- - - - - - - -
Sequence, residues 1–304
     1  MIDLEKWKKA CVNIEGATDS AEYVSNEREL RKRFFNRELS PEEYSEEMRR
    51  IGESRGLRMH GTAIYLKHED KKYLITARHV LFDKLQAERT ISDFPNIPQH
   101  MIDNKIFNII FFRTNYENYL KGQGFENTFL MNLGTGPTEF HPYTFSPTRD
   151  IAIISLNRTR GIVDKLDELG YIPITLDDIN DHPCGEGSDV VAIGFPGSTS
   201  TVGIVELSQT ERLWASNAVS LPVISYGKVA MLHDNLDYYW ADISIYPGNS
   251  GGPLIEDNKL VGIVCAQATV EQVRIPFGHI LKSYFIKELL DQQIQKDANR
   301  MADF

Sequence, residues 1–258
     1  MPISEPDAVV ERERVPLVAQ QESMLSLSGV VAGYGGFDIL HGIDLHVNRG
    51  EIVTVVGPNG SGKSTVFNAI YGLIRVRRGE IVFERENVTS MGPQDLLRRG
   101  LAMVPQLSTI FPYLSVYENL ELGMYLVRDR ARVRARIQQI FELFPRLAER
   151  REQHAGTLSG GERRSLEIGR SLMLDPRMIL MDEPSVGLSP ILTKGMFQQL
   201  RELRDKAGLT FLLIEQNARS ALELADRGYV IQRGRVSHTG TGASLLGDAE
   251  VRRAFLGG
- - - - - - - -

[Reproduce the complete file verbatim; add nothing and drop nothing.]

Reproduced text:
Sequence, residues 1–304
     1  MIDLEKWKKA CVNIEGATDS AEYVSNEREL RKRFFNRELS PEEYSEEMRR
    51  IGESRGLRMH GTAIYLKHED KKYLITARHV LFDKLQAERT ISDFPNIPQH
   101  MIDNKIFNII FFRTNYENYL KGQGFENTFL MNLGTGPTEF HPYTFSPTRD
   151  IAIISLNRTR GIVDKLDELG YIPITLDDIN DHPCGEGSDV VAIGFPGSTS
   201  TVGIVELSQT ERLWASNAVS LPVISYGKVA MLHDNLDYYW ADISIYPGNS
   251  GGPLIEDNKL VGIVCAQATV EQVRIPFGHI LKSYFIKELL DQQIQKDANR
   301  MADF

Sequence, residues 1–258
     1  MPISEPDAVV ERERVPLVAQ QESMLSLSGV VAGYGGFDIL HGIDLHVNRG
    51  EIVTVVGPNG SGKSTVFNAI YGLIRVRRGE IVFERENVTS MGPQDLLRRG
   101  LAMVPQLSTI FPYLSVYENL ELGMYLVRDR ARVRARIQQI FELFPRLAER
   151  REQHAGTLSG GERRSLEIGR SLMLDPRMIL MDEPSVGLSP ILTKGMFQQL
   201  RELRDKAGLT FLLIEQNARS ALELADRGYV IQRGRVSHTG TGASLLGDAE
   251  VRRAFLGG